There are innumerable posts and videos about using the tools built in to Capture One to process your images to achieve certain looks… this is not one of them. Rather, this outlines the steps I take before I get to that stage. Before I get started I’ll quickly mention that I hopped on the Lightroom bandwagon from the first Beta, and jumped ship after v. 6.14. I moved to Capture One at that time, and although it has its own quirks (and frustrations), I’ve been mostly happy with it ever since. I’m currently using Capture One Pro 23. I should warn you that this post is (typically) both long and detailed. Some might mark it tl:dr and move on, but if you stick with it I trust you’ll find something of value.
Okay. All digital images start their lives as information collected by a digital device. We’re going to get a little specific here and limit ourselves to digital cameras. A digital camera is essentially a computer with a lens stuck on the front, and an image sensor that measures the light coming through the lens. There are a lot of details and specifics to that process we’re going to ignore here, but it’s worth noting that digital cameras don’t capture images. Digital cameras capture information that can be manipulated to look like an image. The information we get from the camera comes in the form of a raw file (NB: all digital cameras capture raw information. Not all digital cameras give you access to that information.) This information can be loosely separated into two types. The first is image data – the 1s and 0s (in computer terms) that can be assembled to make an image. The second type is what’s known collectively as metadata. This is information about the image. At the moment of capture the camera make, model, serial number, lens information, exposure information, date, time and possibly other data (like GPS location) is collected. Later one can add more information to this metadata, such as copyright information, name and contact information for the photographer, keywords and a lot more. Collectively this is known as DAM (Digital Asset Management) and a good DAM system can make a world of difference. As I’ve been known to say, it doesn’t matter if you have 3000 or 300,000 images; how easy is it to find the one image you’re looking for? In large part, that’s what this post is about.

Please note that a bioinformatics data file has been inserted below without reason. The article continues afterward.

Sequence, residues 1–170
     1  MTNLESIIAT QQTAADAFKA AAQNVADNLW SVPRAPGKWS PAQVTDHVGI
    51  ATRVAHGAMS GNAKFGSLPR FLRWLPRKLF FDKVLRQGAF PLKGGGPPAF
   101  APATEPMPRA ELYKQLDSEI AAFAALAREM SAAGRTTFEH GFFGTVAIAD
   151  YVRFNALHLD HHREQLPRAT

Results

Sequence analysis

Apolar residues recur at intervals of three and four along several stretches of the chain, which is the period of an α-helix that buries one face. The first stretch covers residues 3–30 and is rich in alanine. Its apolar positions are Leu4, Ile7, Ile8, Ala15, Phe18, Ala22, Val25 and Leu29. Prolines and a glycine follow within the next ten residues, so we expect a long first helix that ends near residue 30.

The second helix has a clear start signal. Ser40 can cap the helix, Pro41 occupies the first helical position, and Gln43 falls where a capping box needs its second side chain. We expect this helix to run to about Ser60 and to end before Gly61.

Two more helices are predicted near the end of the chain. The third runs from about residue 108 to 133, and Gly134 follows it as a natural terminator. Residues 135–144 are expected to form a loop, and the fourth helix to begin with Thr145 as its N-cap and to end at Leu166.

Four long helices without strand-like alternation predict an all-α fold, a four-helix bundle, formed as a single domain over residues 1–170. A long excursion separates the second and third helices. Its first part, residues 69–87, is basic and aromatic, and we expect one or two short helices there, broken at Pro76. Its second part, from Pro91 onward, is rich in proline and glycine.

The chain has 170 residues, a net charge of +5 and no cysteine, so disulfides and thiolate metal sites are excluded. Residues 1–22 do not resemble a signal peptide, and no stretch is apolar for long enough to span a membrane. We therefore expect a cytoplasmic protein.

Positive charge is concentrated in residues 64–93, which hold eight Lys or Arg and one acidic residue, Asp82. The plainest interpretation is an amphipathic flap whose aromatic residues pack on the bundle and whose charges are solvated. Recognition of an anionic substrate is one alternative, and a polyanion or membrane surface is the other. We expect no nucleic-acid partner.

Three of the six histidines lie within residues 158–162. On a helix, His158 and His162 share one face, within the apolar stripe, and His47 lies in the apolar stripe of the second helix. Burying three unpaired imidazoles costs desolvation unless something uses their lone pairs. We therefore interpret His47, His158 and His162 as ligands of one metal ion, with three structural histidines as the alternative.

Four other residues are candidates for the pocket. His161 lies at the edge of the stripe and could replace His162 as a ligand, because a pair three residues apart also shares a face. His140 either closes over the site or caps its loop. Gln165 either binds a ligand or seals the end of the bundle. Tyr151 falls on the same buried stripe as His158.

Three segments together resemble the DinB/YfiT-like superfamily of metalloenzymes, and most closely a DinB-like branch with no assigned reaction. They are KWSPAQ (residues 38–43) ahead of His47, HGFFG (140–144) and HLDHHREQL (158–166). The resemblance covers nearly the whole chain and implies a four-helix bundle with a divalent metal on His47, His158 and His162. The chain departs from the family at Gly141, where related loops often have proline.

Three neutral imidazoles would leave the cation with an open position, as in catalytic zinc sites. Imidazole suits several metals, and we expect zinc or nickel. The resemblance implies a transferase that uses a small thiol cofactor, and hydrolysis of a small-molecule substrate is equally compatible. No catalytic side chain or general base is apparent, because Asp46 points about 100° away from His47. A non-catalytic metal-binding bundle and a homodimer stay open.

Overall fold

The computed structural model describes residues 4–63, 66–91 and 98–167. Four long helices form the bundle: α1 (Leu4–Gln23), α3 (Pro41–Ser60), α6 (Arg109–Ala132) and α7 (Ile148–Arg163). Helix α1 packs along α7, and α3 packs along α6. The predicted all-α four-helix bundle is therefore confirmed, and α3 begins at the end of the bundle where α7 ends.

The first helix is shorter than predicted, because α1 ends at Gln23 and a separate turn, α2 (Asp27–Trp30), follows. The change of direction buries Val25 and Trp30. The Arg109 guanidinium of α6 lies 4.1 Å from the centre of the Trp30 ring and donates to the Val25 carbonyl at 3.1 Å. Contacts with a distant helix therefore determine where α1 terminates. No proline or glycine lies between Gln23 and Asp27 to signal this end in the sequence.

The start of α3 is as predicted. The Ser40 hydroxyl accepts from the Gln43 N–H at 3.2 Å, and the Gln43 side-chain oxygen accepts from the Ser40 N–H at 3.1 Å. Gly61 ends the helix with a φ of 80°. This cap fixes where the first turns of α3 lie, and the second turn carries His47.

There are two ways to develop a good DAM system. One is at the beginning of your photography and the other is the day you realize you have 70,000 images and no idea how to find anything. I recommend the former, but you can still work with the latter.
No matter what software you’re using to catalogue (NB: this is in a general sense) your images, there are tools to filter and to group your images. Therefore you can dump all of your images into one virtual bowl and use the tools provided with your software to sort them out. I don’t. While I do use those tools, I also (even though it may be redundant) organize all of my images into folders. To start with, I keep all of my current-year images (and everything related to them) in the Pictures folder on my hard drive. In this way, by backing up the Pictures folder I back up all of the images – and everything related to them. Previous-year images are stored in the Pictures folder on an external hard drive, and both my internal drive and that external drive are backed up to another drive. Backups are an entire topic on their own.
Because I’m managing both Marcia’s and my images, I have folders labeled Marcia’s Images and Mike’s Images. Within those folders, images are sorted by camera, by year, and then by month. Again, all of this is contained within the metadata of each image, but this file structure makes sense to me. You get to decide what works for you.